There is currently much discussion regarding the causes of terrorist acts, as well as the connection between terrorism and religion. Terrorism is attributed either to religious 'fanaticism' or, alternately, to political and economic factors, with religion more or less dismissed as a secondary factor. The Cambridge Companion to Religion and Terrorism examines this complex relationship between religion and terrorism phenomenon through a collection of essays freshly written for this volume. Bringing varying approaches, from the theoretical to the empirical, to the topic, the Companion includes an array of subjects, such as radicalization, suicide bombing, and rational choice, as well as specific case studies. The result is a richly textured collection that prompts readers to critically consider the cluster of phenomena that we have come to refer to as 'terrorism,' and terrorism's relationship with the similarly problematic set of phenomena that we call 'religion.'
World history is not a subject; it is all the subjects. Because of this, world history as a discipline has never fit well with the traditional definition of historical research. H.G. Wells wrote the first true book of world history in 1920 and only a few authors have made the attempt to "explain it all" since Wells. In that time, world history has become the chosen subject of polymaths and possesses the most potential to unite all of the fields of knowledge. The subject of world history has developed several approaches, with "Big History" being the most modern, and flawed, of its variants.
Working with Vulnerable Families embodies the universal edict - that for societies to flourish we must enhance the opportunities for our children to reach their physical, intellectual, emotional and social potential. For families facing issues of marginalisation, poverty, domestic violence, drug and alcohol dependence or mental illness, such ideals can seem particularly daunting. In a thoroughly candid and engaging style, this groundbreaking text transcends narrow professional boundaries to demonstrate how those working in diverse health, education and social welfare settings can work collaboratively with one another and with parents to protect, nurture and support young children from birth to 8 years. The book draws together a broad range of research-based theory, practice wisdom and successful real-world exemplars to explicate the core values, knowledge and skills required when working with families with multiple and complex needs.
A fictional account of the nomadic wanderings of the boy who grew up to become Mali's great fourteenth-century leader, Mansa Musa.
Kaplan shows how U.S. imperialism--from "Manifest Destiny" to the "American Century"--has profoundly shaped key elements of American culture at home, and how the struggle for power over foreign peoples and places has disrupted the quest for domestic order.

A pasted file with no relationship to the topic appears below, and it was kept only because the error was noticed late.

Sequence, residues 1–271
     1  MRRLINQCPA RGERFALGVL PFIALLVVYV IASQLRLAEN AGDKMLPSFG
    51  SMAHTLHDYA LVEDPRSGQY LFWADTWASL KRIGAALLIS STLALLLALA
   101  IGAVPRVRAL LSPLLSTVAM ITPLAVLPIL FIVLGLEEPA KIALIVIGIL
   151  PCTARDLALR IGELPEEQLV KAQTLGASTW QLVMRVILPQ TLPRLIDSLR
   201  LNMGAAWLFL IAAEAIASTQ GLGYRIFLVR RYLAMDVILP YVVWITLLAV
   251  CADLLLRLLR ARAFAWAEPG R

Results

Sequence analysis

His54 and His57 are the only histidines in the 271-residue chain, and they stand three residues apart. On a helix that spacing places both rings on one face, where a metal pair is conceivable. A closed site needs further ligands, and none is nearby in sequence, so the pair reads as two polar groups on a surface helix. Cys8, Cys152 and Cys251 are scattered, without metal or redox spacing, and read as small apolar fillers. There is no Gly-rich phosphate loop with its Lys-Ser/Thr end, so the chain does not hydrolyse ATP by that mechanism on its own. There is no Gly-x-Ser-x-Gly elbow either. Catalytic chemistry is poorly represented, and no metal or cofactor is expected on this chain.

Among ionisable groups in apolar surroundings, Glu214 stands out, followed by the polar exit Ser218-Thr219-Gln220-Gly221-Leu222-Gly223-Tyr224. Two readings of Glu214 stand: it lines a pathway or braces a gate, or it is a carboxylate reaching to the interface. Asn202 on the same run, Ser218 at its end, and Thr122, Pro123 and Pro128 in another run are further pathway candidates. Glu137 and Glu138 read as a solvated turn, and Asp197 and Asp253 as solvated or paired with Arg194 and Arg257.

The Memoirs of Jafar Pasha Al-Askari shed a vivid light on the early days of Arab nationalism and on the creation of modern Iraq in the 1920s and 1930s, as experienced by one of the prime movers of Iraqi independence. They provide a timely reminder of the all but insuperable obstacles to be overcome in building an open Iraqi state, and add much fuel to the ongoing debate about the Arabs' quest to shape their own political destiny. Born in Mosul in 1885, Jafar Al-Askari played a colourful part in the events that led to the collapse of the Ottoman Empire during the First World War. Physically large and courageous, with a sharp intellect, a talent for languages, and a jovial and commanding personality, he was sent for military training in Germany before the War, and was rapidly recognised by the Young Turks as a gifted military commander. He was however also strongly drawn to the Arab nationalist ideas then current, and the consistent theme of his career was his intense Arab patriotism. As one of the youngest generals in the Ottoman Army, he led the Sanusi regular forces in Cyrenaica in 1915-16. His capture by the British and incarceration in Cairo led to an abortive - and comical - escape attempt, and also to cordial relations with various British officers, among them T. E. Lawrence. In Cairo he realised that the Arab cause might best be served by Sharif Hussain of Makkah's revolt against Ottoman rule, then getting under way with British support. He was released in March 1917 to take command of the Arab regular forces fighting under the Amir Faisal bin Hussain (later King Faisal I of Iraq) in the Hijaz. Jafar describes his leading role in the Arab Revolt at length. His achievement was to shape and inspire an effective force of Arab regulars to form the core of Amir Faisal's army. Co-operating with Lawrence and the bedouin irregulars, they disrupted Turkish communications along the desert flank of Allenby's northward advance through Palestine. By the end of the War Jafar had accomplished the rare feat of having been decorated by both the Germans and the British. In 1919, Faisal appointed Jafar Military Governor of Aleppo. He became one of the first members of the new Iraqi government under the British Mandate, and spent the remainder of his life serving his King and country as Prime Minister (twice), Minister of Defence (five times), and Iraqi Minister in London, where he also found time to be called to the Bar (at Gray's Inn). Jafar Pasha was assassinated outside Baghdad in 1936, on a doomed quest to forestall Iraq's first military coup. He had not by then completed his Memoirs, which break off in 1919 at Aleppo. Material describing the remainder of his career is given in the Epilogue and Appendices. Jafar's Memoirs, published here in English for the first time, give a colourful demonstration of how much one gifted individual can achieve in a single lifetime, even one so tragically cut short.